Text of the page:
The International Trade Centre (ITC) has commended the African Union on the establishment of Africa Continental Free Trade Area (AfCFTA).
The Executive Director of ITC, Ms Arancha Gonzalez, gave the commendation on Thursday during the opening ceremony of the World Export Development Forum (WEDF).
She stated that Africa came up with the AfCFTA initiative at a time when there was a thick cloud over trade in many other parts of the world.
The WEDF is holding on margins of the 2019 Africa Week in Addis Ababa, Ethiopia.
According to Gonzalez, these are difficult times as protectionism is on the rise.
She said unilateralism was also on the rise, resulting in reduced trade growth, reduced foreign investment flows and reduced business confidence.
Gonzalez added that uncertainty had resulted in lower growth prospects for all regions around the world.
“Africa is sending a different message.
“After decades of market fragmentation, the continent has embarked on creating the largest integrated trade and investment zone in the world.
“This positive development in Africa comes at a turbulent time for the world.
“The digital, social and ecological revolutions are transforming how we produce, trade, and consume,” she said.
Gonzalez explained that each of these revolutions has a bearing on how Africa trades with the world; and with itself.
According to her, each will affect the future of African business, especially micro, small and medium-sized enterprises that make up over 90 per cent of firms.
She explained that the global value chains were enabled by the communication and transport revolution of the last two decades.
Gonzalez added that automation and 3D printing is set to change manufacturing patterns.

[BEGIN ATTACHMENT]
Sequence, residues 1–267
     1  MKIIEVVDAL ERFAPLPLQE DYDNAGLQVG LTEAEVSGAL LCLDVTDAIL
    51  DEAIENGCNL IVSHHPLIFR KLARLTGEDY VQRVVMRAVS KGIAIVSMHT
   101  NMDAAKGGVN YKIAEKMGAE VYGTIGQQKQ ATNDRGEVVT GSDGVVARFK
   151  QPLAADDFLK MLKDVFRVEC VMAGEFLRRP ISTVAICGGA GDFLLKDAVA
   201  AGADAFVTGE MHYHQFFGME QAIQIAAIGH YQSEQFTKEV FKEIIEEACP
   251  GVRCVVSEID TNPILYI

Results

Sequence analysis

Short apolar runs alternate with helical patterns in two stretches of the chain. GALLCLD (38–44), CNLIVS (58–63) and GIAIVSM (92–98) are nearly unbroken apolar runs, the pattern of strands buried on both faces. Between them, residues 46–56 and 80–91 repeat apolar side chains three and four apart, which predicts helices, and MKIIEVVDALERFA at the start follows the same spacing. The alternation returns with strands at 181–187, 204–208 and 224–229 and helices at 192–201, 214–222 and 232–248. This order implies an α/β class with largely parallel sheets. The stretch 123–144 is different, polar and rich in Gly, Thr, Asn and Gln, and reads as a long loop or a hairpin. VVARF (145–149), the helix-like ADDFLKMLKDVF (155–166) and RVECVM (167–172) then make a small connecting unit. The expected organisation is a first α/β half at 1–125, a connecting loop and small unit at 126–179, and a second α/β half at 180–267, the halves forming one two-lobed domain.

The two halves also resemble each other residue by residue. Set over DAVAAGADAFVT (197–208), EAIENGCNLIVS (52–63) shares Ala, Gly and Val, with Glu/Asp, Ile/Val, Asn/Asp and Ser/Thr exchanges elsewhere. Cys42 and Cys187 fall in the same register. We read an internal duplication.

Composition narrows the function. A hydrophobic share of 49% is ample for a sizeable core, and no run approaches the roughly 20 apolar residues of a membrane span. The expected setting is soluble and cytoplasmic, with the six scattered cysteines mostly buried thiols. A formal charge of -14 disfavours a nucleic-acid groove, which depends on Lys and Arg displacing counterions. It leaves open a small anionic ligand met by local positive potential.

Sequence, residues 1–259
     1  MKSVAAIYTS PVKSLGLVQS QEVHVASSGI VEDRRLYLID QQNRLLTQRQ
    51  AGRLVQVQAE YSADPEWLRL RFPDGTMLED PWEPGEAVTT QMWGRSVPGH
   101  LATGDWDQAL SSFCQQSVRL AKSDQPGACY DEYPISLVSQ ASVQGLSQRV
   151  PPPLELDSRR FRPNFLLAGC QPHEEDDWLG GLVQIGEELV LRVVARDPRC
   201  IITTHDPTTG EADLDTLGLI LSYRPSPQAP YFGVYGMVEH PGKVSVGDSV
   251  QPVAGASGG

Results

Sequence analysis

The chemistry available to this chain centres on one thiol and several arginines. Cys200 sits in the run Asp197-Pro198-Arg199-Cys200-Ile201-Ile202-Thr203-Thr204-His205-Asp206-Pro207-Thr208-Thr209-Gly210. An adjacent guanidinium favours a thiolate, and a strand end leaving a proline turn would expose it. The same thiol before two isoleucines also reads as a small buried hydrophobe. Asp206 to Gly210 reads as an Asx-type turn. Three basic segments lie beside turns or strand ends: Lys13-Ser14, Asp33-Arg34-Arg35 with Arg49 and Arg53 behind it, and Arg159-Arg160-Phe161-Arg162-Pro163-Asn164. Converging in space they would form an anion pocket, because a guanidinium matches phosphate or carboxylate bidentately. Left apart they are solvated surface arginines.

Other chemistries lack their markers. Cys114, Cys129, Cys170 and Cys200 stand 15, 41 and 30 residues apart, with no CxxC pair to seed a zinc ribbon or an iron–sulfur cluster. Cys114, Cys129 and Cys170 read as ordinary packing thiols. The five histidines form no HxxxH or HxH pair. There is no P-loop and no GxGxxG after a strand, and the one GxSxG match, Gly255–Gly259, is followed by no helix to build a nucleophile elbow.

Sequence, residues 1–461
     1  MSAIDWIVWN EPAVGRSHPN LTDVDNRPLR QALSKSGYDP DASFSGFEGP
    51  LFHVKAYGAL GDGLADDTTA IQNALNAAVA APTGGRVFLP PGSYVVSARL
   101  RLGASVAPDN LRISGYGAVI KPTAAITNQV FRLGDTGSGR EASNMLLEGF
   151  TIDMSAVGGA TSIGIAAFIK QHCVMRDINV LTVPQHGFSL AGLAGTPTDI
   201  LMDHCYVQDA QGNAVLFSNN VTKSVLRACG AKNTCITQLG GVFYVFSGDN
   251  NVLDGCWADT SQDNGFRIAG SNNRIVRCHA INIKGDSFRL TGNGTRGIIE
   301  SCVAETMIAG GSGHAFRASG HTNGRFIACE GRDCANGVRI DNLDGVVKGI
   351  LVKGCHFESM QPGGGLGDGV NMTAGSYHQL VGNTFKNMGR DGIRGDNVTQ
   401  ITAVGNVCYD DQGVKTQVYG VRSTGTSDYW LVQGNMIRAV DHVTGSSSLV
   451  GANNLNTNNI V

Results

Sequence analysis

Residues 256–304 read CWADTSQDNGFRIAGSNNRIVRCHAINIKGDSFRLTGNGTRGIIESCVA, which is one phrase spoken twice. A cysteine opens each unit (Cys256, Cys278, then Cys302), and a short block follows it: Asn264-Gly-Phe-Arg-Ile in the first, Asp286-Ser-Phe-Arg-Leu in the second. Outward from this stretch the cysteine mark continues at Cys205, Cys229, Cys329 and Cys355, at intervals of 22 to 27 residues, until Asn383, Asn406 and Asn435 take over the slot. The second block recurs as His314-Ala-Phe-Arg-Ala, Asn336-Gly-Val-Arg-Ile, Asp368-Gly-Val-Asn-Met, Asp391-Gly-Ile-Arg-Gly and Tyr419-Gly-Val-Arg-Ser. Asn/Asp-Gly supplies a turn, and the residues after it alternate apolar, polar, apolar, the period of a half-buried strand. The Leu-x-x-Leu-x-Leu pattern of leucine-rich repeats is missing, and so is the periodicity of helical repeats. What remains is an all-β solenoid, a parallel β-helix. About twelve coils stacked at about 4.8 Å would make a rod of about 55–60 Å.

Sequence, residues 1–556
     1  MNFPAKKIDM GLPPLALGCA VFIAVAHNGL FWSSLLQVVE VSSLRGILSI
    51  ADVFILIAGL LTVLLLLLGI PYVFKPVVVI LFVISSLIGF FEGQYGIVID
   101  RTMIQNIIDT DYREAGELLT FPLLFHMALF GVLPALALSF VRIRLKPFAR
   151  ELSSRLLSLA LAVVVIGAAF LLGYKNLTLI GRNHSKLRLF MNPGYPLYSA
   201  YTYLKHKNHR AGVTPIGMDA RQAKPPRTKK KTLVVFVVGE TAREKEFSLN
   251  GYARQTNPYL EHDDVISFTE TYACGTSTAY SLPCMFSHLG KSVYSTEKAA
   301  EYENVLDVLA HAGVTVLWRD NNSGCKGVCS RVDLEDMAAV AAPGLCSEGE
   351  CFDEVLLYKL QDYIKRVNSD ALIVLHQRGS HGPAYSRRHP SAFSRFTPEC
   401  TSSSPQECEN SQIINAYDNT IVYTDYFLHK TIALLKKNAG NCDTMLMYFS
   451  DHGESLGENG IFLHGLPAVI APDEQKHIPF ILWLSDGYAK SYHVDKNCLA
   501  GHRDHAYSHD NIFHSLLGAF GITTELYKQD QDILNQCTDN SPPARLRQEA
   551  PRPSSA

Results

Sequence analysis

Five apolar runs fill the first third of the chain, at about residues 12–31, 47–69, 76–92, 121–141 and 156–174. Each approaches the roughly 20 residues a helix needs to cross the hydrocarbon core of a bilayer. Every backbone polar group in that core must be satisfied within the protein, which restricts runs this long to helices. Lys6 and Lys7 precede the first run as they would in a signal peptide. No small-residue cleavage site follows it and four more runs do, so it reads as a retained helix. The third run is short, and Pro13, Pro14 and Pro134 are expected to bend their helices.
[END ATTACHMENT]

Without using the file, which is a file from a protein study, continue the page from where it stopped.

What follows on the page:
The ITC boss said profound digital transformation of economies – from blockchain, artificial intelligence and big data – has only just begun.
“For consumers, e-commerce is changing the day-to-day way we shop, dress and eat.
“Digitization is a great wave that touches everything. And Africa must ride this wave.
“As well as being a continent of traders from ancient times to today, nowhere in the world are people as in tune with nature’s bounty than in Africa.
“Climate change, pollution and threats to biodiversity put all that at risk,” she said.
Gonzalez also stated that sustainability must be an integral part of any decision made on trade, growth and development.
She said businesses needed to build resilience, mitigation and sustainability into their calculations.
According to her, regulations and policies need to find the sweet spot of supporting growth, while investing in the planet.
Gonzalez said companies, these days, were unlikely to achieve long-term economic success without taking into account environmental factors.
She added that mass movements inspired by young people have gone global.
“We see more and more people mobilizing to address injustice. This is part of a broader social revolution.
“Many are motivated by questions of economic inequality, a sense that prosperity is futile if it leaves people behind.
“Here, Africa must ensure market opening is inclusive. It is the only way to achieve the UN 2030 Agenda,” she said.
She said inclusivity also meant empowering women and young people to participate in open trade.